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Embargo Act of 1807

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The Embargo Act of 1807 was an attempt by President Thomas Jefferson and the U.S. Congress to punish Britain and France for interfering with American trade while the two major European powers were at war with each other.

The law, which was passed after sailors from the USS Chesapeake were impressed by officers from the British ship HMS Leopard, ultimately failed to achieve its objective. By barring American ships from using European ports, it stifled American trade, and wound up doing more damage to American merchants than to European governments.

Jefferson had hoped that the law would prevent a war between the United States and Britain. The Embargo Act, which was passed in December 1807, did prevent open warfare for a time. But in some ways it was also a precursor to the War of 1812.

Response to the Embargo

With the embargo in place, American exports declined by 75 percent, and imports declined by 50 percent. American merchants, who had been gaining in prosperity, were dealt a severe setback.

Yet Britain and France, locked in the Napoleonic Wars, were not greatly damaged by the loss of trade with Americans. So the embargo clearly backfired on Americans.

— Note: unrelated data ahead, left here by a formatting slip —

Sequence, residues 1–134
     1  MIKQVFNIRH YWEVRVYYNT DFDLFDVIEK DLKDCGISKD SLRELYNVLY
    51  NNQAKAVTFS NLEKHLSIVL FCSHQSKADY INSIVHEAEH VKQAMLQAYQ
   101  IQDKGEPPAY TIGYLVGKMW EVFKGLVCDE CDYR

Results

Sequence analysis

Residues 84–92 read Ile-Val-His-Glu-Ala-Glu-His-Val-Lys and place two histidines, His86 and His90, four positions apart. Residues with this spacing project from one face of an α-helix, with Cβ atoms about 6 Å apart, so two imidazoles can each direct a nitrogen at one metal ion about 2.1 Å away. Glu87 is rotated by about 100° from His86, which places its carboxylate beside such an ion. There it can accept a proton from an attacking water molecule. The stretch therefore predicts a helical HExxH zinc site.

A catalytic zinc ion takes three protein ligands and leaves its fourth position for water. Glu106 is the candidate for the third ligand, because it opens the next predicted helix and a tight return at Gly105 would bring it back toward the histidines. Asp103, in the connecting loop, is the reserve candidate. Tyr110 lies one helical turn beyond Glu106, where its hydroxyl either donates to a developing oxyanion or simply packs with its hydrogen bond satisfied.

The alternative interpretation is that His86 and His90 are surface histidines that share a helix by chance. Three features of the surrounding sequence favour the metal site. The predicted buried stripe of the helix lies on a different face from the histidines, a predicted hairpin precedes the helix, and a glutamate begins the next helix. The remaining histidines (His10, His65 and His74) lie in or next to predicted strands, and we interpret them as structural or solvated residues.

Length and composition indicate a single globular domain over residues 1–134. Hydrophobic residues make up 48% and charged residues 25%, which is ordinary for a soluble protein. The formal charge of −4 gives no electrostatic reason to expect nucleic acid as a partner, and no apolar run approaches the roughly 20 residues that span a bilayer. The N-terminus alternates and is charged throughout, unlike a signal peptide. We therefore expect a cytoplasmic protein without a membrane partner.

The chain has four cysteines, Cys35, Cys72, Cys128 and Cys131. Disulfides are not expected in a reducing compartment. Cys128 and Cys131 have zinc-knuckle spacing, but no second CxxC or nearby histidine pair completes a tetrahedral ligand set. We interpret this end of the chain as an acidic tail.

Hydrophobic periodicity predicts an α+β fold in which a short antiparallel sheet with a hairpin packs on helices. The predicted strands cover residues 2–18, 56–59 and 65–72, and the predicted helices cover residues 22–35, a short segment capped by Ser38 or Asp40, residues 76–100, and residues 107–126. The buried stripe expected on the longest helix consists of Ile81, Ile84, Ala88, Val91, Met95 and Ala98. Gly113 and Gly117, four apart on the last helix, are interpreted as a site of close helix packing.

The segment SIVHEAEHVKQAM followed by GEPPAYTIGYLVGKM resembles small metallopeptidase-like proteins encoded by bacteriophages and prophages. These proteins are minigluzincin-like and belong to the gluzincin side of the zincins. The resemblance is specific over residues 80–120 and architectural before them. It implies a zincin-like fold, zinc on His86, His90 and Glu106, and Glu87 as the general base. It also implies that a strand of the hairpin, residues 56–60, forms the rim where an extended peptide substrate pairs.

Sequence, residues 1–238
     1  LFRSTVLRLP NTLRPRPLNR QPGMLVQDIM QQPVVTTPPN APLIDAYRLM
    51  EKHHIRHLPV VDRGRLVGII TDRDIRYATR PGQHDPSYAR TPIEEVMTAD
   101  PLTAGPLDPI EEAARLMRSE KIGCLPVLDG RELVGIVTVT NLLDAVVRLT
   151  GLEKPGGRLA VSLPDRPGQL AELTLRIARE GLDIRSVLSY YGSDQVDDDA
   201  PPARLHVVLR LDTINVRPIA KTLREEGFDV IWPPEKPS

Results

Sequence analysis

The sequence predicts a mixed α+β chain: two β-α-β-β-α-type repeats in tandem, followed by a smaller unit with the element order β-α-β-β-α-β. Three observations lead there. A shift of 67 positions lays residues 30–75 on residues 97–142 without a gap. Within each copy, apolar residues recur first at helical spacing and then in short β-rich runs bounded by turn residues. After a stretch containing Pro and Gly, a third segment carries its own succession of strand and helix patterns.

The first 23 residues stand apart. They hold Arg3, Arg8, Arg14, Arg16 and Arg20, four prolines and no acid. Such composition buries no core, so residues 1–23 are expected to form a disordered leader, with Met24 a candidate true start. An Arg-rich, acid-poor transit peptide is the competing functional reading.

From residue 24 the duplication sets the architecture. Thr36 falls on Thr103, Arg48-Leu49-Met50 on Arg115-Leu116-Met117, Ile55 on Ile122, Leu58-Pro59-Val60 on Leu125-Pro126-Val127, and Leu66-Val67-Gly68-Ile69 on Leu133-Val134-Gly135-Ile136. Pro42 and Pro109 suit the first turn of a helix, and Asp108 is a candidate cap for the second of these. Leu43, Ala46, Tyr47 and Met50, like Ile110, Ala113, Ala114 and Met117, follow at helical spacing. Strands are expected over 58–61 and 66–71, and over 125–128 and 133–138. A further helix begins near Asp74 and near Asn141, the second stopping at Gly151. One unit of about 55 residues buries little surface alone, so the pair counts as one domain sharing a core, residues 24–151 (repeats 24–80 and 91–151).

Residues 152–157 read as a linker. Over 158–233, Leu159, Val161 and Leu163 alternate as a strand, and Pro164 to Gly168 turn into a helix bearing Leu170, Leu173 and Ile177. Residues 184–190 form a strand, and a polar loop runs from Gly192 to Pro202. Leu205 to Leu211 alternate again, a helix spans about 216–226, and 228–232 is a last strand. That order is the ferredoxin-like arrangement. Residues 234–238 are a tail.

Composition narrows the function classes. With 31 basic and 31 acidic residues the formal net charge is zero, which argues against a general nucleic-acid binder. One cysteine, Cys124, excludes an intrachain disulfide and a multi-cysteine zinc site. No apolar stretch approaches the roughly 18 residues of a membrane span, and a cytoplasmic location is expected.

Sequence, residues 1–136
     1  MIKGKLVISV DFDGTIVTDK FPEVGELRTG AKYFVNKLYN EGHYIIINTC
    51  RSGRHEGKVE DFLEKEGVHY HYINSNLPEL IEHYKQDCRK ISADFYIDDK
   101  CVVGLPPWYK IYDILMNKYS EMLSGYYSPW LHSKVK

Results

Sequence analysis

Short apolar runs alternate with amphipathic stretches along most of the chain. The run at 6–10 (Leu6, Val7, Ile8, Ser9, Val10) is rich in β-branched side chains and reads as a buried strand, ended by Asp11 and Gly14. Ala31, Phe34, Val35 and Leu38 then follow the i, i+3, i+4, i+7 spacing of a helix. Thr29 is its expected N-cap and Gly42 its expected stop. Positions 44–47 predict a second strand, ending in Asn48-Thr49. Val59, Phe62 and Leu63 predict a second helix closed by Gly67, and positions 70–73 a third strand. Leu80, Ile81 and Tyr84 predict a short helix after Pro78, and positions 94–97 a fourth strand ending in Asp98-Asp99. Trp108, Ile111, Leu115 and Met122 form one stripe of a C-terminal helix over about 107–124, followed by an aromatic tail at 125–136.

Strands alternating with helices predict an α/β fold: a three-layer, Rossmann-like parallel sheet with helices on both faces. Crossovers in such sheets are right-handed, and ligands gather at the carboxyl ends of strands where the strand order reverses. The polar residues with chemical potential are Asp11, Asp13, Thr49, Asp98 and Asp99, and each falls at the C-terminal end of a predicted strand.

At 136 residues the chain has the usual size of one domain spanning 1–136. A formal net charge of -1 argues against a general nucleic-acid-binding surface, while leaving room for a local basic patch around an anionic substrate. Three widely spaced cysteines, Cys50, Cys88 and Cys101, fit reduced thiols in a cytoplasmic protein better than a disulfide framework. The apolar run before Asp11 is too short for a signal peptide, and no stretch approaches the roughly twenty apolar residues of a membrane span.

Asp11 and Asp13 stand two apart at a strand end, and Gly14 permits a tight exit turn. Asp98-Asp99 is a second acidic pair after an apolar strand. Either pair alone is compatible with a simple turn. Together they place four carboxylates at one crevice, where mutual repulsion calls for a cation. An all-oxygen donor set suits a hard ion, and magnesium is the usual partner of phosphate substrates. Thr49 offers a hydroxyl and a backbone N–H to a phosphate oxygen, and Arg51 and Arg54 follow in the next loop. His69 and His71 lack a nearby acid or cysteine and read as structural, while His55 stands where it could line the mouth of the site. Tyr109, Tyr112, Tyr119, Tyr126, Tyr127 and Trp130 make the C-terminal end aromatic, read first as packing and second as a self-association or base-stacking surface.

The western states in the Union were relatively unaffected. But some parts of the country were hit hard. Cotton growers in the South lost their British market. And merchants in New England suffered.

In fact, discontent was so widespread in New England that there was serious talk by local political leaders of seceding from the Union, decades before the Nullification Crisis or the Civil War.

And one result of the embargo was that smuggling increased across the border with Canada. And smuggling by ship also became prevalent. So the law was not only ineffective, but it was difficult to enforce.

It served to make Jefferson fairly unpopular near the end of his presidency. There were sustained economic effects that did not change until the end of the War of 1812.

End of the Embargo

The embargo was repealed by Congress early in 1809, just days before the end of Jefferson's presidency. It was replaced by a less restrictive piece of legislation, the Non-Intercourse Act, which prohibited trade with Britain and France.

The newer law was no more successful than the Embargo Act had been. And relations with Britain continued to fray until, three years later, President James Madison obtained a declaration of war from Congress and the War of 1812 began.

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